[20060085] The Human Layer

The Human Layer

Polaroid Now @ a mystery venue :)

7:30pm, Fri 17 Mar 2006

Attracted by the bizarre description in the Fringe Guide, I met up with about a dozen other punters outside CentrePoint on Pultney Street. On a Friday night. OK, maybe not the wisest choice for those adverse to crowds, but there you go.

We’re greeted outside Target by one of the Victoria-based Polaroid Now crew who, true to their name, take a Polaroid photo of our hands. And you sense this is going to be something a little bit off the beaten track. And so it – literally – is, as we’re led on a stroll down Pultney onto Pirie Street. Suddenly, we turn into a dead-end lane – construction on one side of us, car-park on the other.

There, from a pile of newspaper, rustles a man – grimy, gruntingly mute, looking like stereotypically homeless trash. He’s joined by a similarly themed woman; they grunt and moan, lock the audience in a large wire cage, and producing icky little avatar puppets.

The puppets laugh at, spit at, piss on us within the cage. It feels like an intentionally-subtle-yet-unintentionally-overt political statement, but the impact is heightened due to our own semi-cramped captivity. Eventually, the man and woman discard their avatars in disgust; they enter our cage, disappearing behind a previously disregarded screen before having their shadows cast upon it. The shadows mutilate each other, an avatar is devoured, before the screen drops, exposing the man and woman again. Out of a pile of rubbish they raise a huge newspaper puppet, at least seven feet tall; the two of them walk it to the end of the lane, lay it to rest, then burn it. As the embers of this once mighty creation drift in the air, the man and woman cower in a corner.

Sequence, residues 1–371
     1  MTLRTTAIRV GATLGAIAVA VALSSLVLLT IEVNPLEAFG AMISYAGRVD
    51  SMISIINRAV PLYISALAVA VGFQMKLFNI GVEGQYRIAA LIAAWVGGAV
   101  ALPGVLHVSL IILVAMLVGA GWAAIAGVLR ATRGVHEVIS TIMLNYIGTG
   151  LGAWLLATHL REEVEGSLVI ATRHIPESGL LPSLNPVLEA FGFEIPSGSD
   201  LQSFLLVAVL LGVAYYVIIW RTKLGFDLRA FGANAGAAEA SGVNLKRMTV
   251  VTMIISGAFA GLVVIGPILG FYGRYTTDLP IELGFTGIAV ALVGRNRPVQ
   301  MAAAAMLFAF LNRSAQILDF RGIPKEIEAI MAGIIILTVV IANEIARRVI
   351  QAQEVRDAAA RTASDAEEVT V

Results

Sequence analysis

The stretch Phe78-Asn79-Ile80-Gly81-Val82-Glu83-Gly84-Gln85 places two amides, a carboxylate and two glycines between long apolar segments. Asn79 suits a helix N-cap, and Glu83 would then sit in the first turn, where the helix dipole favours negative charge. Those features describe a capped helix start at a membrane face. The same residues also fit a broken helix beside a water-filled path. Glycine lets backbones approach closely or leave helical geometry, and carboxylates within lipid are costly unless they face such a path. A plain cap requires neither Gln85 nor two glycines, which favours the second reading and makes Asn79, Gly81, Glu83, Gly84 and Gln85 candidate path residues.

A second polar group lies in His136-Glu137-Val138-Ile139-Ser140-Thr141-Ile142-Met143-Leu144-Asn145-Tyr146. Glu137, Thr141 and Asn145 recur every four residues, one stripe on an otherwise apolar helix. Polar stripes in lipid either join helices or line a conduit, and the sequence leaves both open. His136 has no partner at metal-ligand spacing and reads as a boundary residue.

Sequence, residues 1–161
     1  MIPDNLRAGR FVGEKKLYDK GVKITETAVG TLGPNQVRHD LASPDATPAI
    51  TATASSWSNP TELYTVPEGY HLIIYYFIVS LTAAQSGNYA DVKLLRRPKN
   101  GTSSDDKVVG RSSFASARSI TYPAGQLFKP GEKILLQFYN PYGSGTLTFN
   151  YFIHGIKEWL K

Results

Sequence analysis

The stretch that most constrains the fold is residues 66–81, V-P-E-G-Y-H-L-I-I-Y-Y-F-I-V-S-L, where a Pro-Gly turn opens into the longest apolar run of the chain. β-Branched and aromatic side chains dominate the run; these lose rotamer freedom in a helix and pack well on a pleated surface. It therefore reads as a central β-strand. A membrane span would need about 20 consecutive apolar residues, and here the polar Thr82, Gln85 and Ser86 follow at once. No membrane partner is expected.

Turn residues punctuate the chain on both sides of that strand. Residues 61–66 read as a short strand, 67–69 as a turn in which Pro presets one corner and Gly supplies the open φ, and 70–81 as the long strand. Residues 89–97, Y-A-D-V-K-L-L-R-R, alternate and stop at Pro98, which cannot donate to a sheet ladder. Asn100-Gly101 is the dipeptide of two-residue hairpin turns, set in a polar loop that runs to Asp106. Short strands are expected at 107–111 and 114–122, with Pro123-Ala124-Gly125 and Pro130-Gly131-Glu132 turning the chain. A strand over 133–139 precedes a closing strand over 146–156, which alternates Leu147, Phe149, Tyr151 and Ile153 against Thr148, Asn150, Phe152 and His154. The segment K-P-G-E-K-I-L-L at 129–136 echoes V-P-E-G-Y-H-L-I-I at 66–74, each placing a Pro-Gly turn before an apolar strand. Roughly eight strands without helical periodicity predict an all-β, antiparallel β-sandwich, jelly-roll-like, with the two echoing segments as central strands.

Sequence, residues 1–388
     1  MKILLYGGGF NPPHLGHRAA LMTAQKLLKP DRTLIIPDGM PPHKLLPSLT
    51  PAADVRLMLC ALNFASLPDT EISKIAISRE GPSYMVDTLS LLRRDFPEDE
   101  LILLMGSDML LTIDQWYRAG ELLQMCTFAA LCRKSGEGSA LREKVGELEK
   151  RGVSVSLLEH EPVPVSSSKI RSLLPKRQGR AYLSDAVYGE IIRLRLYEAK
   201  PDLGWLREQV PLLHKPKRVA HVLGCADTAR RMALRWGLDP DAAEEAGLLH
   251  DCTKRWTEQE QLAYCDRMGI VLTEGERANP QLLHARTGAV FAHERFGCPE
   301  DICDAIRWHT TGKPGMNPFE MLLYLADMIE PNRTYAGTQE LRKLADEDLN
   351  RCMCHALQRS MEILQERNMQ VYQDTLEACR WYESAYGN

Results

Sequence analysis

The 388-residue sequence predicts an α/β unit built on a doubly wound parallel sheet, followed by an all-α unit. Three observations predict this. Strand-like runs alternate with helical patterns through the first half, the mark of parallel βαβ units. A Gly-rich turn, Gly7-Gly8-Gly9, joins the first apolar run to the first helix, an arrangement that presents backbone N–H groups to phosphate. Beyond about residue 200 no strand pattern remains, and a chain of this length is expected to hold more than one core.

It’s an outdoors site-specific work and, on a somewhat cold, damp and dank night, the crew were a little worried about getting rained on. No precipitation eventuated, but what they did get, however, was a short visit from Chubb security, wondering what the fuck was going on. It was only a momentary diversion for the alert punter, though, and didn’t affect the overall enjoyment of the piece.

And, I have to say, I really enjoyed this. It was one of those performances where you get completely thrilled by someone else’s creative ability. Where you think “there’s no way I could come up with this.” Where you get completely immersed in another’s vision. Where you come away thankful that you took a chance. Where you feel like you’ve helped validate another’s existence.

Where you feel like you’ve witnessed art.

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